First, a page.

PR professionals hit an engagement slump at the midpoint of their careers — our research showed that Millennials and those making between $100K to $150K were the least likely to be engaged at work. Millennials also tend to be more skeptical about their employers. For example, only 80% of  Millennials (defined here as respondents between 18 to 34 years old) have confidence in the quality of their firm’s senior management. This improves slightly to 84% for Generation X (35 to 54 years years old) and soars to 90% for Baby Boomers (55+).

For agencies looking to retain their younger employees, it’s worth noting that only 78% feel their job makes good use of their skills and abilities — this contrasts with Generation X (85%) and Boomers (90%). Millennials also have a largely dim view of their agency’s efforts for retaining employees — only 66% believe their firms do a good job at this, meanwhile 76% of Generation X and 80% of Baby Boomers do. Millennial distrust of institutions —  including their employers — comes through when asked whether their company values its own corporate social responsibility. Seventy-eight percent of Millennials agree, meanwhile 85% of Gen X and 92% of Baby Boomers do.

Yet income is where the mid-point slum really comes into focus — those in the middle income category (those making between $100K to $150K) are often less engaged than those at the lower income (under $100K) and high income ($151K+ brackets). Those in the mid-income tier are least likely to have confidence in senior management or business unit leaders, believe there is opportunity for them to grow at their company and agree that their company is transparent about strategic objectives. (More on this in Part 4 focused on salary and benefits.) 

Another red flag for attrition seems to come at tenure. Notably, PR professionals who have been with an employer between two to five years are most at risk for exiting. The group of employees who have been with a firm for more than two years but less than five are least likely to agree with all of the 10 engagement attributes we mentioned at the start of this story. Only 88% within this group feel like their agency is respected within the industry, less than 75% have confidence in their management, just 78% believe their organization is a fun place to work and 75% believe their job makes good use of their skills.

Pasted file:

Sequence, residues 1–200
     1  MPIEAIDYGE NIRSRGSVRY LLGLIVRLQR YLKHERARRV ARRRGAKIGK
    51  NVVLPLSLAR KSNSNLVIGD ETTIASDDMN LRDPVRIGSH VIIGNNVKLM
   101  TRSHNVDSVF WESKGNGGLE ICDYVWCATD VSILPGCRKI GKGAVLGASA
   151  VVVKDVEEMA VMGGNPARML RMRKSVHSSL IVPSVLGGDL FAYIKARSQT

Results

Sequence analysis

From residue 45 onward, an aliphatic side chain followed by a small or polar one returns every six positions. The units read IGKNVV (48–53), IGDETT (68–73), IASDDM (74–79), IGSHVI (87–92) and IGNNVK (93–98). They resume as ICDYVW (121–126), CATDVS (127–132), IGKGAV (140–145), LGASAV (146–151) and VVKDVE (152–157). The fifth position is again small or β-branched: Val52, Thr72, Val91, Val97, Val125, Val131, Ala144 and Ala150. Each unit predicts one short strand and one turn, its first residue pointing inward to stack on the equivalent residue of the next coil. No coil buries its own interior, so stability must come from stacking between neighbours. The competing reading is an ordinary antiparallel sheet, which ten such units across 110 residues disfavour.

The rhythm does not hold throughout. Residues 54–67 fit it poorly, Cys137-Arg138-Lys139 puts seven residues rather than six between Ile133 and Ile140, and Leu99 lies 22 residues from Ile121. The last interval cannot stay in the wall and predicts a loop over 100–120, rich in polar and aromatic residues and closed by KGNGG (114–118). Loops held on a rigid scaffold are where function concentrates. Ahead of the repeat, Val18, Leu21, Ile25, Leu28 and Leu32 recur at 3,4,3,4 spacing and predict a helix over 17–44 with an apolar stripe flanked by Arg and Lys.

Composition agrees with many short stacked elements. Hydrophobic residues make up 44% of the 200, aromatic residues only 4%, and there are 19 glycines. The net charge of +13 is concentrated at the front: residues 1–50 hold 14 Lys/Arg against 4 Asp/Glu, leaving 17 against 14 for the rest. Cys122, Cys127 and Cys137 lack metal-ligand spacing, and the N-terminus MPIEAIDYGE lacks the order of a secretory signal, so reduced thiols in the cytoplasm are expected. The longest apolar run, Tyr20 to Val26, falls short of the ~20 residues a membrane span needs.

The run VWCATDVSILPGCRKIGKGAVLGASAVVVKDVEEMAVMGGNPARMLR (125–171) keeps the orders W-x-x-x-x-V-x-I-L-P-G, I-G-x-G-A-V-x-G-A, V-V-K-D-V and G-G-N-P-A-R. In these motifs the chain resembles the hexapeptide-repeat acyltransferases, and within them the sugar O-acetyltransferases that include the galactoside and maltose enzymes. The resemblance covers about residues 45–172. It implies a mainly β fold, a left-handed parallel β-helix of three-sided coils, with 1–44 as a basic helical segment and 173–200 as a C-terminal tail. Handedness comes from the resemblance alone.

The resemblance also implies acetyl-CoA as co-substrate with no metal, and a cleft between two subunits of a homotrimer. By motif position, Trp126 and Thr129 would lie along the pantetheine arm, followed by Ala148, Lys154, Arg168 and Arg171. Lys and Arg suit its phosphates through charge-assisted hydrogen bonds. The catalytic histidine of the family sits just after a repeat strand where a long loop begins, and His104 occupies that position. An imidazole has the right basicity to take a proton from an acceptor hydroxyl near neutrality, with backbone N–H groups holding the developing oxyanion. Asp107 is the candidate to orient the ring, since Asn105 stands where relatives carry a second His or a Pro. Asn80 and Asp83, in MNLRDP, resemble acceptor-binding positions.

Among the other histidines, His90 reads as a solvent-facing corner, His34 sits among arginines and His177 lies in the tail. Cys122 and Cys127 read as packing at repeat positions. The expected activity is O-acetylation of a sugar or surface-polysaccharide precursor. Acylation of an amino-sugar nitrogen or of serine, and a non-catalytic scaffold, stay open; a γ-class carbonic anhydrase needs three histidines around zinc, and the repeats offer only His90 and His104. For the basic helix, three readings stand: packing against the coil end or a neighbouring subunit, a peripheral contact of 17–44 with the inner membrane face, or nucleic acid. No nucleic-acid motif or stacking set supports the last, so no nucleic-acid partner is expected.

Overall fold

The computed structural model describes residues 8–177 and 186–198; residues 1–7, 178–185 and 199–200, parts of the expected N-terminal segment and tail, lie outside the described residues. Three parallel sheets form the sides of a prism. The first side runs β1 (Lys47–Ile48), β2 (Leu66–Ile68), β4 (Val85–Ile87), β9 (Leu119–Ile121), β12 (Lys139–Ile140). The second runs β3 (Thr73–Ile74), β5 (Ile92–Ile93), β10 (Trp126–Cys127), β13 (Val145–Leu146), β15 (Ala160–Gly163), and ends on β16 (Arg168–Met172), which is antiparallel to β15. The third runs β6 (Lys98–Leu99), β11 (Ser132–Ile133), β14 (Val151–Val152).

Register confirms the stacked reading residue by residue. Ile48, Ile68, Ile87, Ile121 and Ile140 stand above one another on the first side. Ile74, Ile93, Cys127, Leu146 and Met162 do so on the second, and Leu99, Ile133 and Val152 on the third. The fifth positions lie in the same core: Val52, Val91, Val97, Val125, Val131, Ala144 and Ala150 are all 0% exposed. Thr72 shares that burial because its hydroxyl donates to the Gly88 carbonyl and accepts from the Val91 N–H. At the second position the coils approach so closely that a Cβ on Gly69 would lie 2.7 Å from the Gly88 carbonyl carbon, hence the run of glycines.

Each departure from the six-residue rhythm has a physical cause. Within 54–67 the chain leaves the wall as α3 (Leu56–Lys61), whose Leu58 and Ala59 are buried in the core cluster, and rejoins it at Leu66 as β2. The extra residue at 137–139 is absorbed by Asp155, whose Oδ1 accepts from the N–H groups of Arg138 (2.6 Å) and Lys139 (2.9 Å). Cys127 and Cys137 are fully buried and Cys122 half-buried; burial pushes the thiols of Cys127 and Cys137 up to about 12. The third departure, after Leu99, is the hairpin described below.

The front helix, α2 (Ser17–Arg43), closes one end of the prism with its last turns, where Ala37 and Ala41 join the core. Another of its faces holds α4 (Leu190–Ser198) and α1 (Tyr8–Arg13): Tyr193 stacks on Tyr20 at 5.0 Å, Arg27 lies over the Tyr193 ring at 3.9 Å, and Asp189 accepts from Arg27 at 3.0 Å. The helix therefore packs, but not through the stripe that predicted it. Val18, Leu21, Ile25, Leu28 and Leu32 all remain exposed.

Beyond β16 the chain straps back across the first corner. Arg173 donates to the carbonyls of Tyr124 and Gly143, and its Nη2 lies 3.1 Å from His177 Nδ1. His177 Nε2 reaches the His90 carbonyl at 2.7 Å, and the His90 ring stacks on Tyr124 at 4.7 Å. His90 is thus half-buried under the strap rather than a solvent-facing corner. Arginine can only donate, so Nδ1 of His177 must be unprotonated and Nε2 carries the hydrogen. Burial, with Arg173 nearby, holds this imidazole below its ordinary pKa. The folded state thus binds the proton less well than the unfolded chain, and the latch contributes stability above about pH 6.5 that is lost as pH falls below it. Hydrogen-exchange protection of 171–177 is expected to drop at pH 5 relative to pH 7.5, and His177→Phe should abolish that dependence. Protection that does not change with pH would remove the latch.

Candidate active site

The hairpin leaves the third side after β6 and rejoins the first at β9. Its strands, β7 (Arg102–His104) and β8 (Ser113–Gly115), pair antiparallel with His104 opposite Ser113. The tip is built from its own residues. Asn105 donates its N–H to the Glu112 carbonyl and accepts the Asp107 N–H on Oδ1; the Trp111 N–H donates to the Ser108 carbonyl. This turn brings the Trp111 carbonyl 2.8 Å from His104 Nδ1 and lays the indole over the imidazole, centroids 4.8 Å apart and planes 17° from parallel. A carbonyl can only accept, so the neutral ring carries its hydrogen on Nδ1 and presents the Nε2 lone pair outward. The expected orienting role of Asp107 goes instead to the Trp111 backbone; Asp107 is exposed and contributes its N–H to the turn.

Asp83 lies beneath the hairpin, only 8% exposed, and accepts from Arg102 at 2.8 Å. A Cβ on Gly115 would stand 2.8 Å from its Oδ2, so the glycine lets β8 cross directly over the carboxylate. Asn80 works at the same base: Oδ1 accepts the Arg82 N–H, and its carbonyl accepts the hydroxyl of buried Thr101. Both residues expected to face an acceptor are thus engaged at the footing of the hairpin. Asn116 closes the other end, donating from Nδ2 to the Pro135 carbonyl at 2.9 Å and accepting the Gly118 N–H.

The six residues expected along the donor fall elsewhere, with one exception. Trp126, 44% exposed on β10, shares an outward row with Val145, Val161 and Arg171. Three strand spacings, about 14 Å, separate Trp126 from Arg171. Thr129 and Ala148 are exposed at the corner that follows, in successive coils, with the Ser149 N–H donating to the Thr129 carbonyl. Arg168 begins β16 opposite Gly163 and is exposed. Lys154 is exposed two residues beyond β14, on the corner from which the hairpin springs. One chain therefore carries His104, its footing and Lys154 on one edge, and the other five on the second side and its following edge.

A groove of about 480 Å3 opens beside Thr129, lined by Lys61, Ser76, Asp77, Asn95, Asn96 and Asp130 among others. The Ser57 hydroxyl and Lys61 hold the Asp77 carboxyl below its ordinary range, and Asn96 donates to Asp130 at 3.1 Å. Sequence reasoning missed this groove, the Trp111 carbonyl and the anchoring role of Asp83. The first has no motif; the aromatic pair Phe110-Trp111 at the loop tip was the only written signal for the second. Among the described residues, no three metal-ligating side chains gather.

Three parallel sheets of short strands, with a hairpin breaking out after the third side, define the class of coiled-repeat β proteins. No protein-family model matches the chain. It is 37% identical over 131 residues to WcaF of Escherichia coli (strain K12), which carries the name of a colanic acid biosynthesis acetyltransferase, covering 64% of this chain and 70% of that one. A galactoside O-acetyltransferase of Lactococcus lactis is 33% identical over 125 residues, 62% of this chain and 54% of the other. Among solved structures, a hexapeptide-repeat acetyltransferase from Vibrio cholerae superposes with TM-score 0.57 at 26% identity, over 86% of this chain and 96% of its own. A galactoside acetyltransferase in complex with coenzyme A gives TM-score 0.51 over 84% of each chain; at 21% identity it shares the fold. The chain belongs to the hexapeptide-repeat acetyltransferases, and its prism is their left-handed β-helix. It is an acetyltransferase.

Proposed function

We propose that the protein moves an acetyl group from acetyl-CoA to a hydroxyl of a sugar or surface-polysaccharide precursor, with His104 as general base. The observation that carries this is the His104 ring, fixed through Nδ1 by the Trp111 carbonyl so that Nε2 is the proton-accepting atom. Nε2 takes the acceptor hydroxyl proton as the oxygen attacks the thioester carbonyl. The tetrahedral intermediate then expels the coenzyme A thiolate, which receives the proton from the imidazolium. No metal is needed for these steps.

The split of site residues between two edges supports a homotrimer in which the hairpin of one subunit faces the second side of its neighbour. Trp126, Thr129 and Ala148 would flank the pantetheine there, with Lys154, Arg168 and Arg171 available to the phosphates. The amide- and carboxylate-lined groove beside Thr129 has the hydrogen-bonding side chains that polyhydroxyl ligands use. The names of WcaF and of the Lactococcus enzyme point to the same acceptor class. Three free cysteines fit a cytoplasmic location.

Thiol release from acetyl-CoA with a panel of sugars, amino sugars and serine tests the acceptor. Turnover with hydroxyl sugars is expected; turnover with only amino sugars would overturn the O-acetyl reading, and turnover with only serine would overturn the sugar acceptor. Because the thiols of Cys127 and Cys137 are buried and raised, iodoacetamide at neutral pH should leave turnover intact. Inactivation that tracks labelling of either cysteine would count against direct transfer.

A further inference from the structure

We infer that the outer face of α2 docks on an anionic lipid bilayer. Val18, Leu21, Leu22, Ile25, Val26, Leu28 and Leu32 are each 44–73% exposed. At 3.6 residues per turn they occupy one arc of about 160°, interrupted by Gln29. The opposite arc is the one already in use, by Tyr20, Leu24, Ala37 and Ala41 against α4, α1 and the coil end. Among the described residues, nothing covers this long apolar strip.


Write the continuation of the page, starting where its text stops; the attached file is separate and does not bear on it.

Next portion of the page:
Large Firms Are Still The Aspiration 

Despite boutiques outperforming larger agencies when it comes to engagement, most PR professionals aspire to work at the larger firms. When asked unaided which agencies PR professionals would like to work for outside of their current firm, the top five agencies named are all large ones: Edelman, Weber Shandwick, Ketchum, FleishmanHillard, Ogilvy and Golin were most often cited — in that order.  (It’s worth noting, many PR professionals also stated they would like to leave the PR industry altogether and would prefer working on the client side.)

When asked what they don’t like about their current agency, employees across the industry most frequently mention low financial compensation, little time-off, slow processes, lack of upward mobility and time tracking/entry as their least favorite things about their employers. Many employees further disliked to be expected to be online and reachable 24 hours, seven days a week. While work-life balance was mentioned as one of employee's’ favorite things about their employer, others emphasized its absence, suggesting it may vary greatly agency by agency.

When it comes to what they like about their agencies, industry-wide, employees frequently mentioned terms such as “agency culture,” “work flexibility,” “empowerment,” “work-life balance,” “freedom,” and “the people they work with.” Additionally, PR professionals valued the creativity and passion among their colleagues, highlighting it as inspiring. When asked to describe their current agency in a few words, employees most frequently highlighted people being open, engaged, hard working, diverse and the agency being fast-paced.

The next part of this series will explore the impact of financial compensation and benefits have on employee engagement.

For readers interested in purchasing these metrics for their own agency or other customized engagement reports for their workforce — or are interested in participating in the 2018 Best Agencies to Work For, contact us.